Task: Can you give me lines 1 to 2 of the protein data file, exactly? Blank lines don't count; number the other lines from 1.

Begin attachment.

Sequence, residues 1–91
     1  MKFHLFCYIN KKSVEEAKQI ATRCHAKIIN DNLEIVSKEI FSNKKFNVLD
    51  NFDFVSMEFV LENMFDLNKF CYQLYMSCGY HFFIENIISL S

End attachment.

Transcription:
Sequence, residues 1–91
     1  MKFHLFCYIN KKSVEEAKQI ATRCHAKIIN DNLEIVSKEI FSNKKFNVLD